13 Jul 2011

Know Your Debtor

Know Your Debtor

Sarah Jack, Solicitor advises why it is vital for business of all sizes to regularly analyse their debts in order to decide which to pursue and which to write off as 'bad debts'.

Sarah Jack, Solicitor advises why it is vital for business of all sizes to regularly analyse their debts in order to decide which to pursue and which to write off as 'bad debts'.

It is vital for businesses of all sizes to regularly analyse their debts in order to decide which to pursue and which to write off as 'bad debts'. Getting the decision right becomes even more important during tough economic times.  

Making Informed Decisions

Businesses are often hesitant to consult a solicitor, concerned that they will end up further out of pocket only to be advised that a debt is not worth pursuing. A basic knowledge of the recovery and enforcement tools available can facilitate a more considered approach and enable businesses to approach a solicitor confident in the knowledge that further action is worthwhile.

There is often little sense chasing the proverbial ‘man of straw', however, it is prudent to assess your debtor prior to dismissing a debt as a lost cause. The following questions all provide helpful insight into the prospects of recovery:

"Does the debtor own heritable property or other assets of significance?"

"If the debtor is an individual, is the identity of their employer known?"

"Is the debtor's bank account branch known?"

"Is the identity of any of the debtor's customers known?"

If the answer to any one of these questions is ‘yes', fruitful routes to recovery may be available...

Routes to Recovery

Often, the first step is a simple ‘Letter Before Action' (or LBA) demanding payment within 7 days. Instructing such a letter is inexpensive and there is no obligation to follow up with legal proceedings.  A solicitor's threat of proceedings alone often persuades the debtor to act.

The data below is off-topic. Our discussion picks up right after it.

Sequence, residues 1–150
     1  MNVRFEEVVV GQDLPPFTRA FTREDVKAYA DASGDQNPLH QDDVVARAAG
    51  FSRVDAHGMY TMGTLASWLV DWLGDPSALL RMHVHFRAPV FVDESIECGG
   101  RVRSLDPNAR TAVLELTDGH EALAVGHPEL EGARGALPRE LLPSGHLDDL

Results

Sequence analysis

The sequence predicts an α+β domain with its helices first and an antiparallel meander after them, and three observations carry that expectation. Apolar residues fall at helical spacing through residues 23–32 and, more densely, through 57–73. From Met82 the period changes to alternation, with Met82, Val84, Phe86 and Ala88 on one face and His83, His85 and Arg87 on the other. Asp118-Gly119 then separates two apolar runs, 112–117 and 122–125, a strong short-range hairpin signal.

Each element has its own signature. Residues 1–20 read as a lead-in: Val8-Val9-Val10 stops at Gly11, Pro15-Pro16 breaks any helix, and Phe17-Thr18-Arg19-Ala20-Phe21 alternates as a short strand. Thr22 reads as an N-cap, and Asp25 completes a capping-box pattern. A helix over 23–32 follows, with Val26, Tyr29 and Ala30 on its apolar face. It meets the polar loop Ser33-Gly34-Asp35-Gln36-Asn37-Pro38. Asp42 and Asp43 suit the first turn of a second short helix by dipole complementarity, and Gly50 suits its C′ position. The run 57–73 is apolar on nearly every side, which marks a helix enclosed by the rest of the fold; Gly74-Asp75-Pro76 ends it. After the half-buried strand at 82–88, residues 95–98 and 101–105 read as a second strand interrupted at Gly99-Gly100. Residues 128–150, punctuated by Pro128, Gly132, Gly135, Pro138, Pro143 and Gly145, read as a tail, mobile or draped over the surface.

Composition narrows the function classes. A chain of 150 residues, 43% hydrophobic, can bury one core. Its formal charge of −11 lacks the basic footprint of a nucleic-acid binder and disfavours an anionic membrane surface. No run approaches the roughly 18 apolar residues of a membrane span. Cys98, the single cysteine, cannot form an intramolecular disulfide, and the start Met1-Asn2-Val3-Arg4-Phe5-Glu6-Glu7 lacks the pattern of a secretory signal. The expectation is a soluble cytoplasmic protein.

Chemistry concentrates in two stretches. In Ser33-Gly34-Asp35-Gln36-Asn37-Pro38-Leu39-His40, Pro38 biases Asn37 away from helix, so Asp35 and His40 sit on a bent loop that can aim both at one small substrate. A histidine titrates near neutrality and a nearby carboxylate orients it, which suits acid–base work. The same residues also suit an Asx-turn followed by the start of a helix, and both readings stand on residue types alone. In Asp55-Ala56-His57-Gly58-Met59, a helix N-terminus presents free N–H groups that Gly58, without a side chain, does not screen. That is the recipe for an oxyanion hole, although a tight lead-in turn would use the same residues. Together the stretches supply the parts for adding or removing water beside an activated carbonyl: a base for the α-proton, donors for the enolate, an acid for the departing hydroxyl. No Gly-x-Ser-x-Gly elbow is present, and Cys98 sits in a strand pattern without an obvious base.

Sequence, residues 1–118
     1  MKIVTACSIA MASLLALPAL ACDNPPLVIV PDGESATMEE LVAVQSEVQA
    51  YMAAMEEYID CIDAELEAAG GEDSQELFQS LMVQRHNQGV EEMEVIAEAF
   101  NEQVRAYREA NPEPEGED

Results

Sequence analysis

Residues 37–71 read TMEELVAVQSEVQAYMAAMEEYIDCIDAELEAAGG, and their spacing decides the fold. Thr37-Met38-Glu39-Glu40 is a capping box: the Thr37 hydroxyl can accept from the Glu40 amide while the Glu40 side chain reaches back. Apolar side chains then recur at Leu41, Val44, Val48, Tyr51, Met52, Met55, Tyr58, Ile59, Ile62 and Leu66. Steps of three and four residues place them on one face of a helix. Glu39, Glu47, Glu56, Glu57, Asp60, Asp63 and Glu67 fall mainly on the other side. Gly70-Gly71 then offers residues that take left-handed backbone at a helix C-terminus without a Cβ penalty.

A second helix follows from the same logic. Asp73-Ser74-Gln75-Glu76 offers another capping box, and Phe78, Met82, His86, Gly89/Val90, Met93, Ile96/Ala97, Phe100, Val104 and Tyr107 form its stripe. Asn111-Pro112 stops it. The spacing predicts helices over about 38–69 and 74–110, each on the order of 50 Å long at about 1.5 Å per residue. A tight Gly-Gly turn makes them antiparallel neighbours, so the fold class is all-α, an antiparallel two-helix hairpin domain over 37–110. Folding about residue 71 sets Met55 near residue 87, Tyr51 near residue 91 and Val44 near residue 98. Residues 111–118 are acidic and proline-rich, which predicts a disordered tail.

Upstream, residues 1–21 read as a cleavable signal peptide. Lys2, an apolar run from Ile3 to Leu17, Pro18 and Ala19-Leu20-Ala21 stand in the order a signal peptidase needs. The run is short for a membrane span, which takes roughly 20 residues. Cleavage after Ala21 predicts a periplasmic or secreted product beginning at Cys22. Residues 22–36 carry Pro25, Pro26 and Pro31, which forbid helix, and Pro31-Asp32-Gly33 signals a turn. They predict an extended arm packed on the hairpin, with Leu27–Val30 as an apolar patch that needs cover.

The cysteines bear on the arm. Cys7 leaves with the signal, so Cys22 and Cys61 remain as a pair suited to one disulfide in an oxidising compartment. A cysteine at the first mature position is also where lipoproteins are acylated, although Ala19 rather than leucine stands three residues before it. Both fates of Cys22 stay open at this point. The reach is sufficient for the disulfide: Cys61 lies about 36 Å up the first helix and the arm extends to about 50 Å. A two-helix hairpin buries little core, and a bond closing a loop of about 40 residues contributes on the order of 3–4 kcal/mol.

If not, a creditor may choose to raise a court action. In a straightforward undefended action, a creditor can quickly obtain 'decree', (which is the court's order to the debtor to make payment). Furthermore, the debtor will usually be ordered to pay the creditor's expenses. Debts owed under a publicly registered agreement such as a lease often enable the creditor to bypass court action and go straight to the enforcement stage.

There are various means by which the court decree, or the registered agreement, can be enforced:

  • If the debtor is an individual, an Earnings Arrestment can be served on the debtor's employer, meaning that a specified amount will be deducted from the debtor's monthly salary and paid to the creditor.  If the employer doesn't make payment, they become personally liable.
  • If the debtor owns heritable property, the creditor may choose to ‘Inhibit' them. This prevents the debtor selling or refinancing property without first satisfying the debt or having the creditor's agreement to discharge the inhibition.
  • If the creditor has knowledge of the debtor's clients, they can ‘Arrest' sums currently due to the debtor and ultimately uplift payment from the arrested funds. Similarly, funds in the debtor's bank account can be Arrested. Arrestments can prove to be very effective given the restrictive effect on the debtor.
  • In certain circumstances, attachment orders can be instructed, enabling certain goods belonging to the debtor to be seized and auctioned for sale.

Money Attachment

Bankruptcy or 'winding up' proceedings can also be brought against the debtor or his company; however, with creditors' claims competing against each other, the recovery prospects are again of paramount consideration prior to taking such action.

It is good practice for a business to gather information on their customers and gauge reliability prior to engaging in business relationships. As the various methods of recovery demonstrate, knowing your client or purchaser can prove just as valuable when things go wrong.  

Sarah Jack, Solicitor

To find out more about Debt Recovery contact our Litigation Department on 01224 560600 or litigation@acandco.com.


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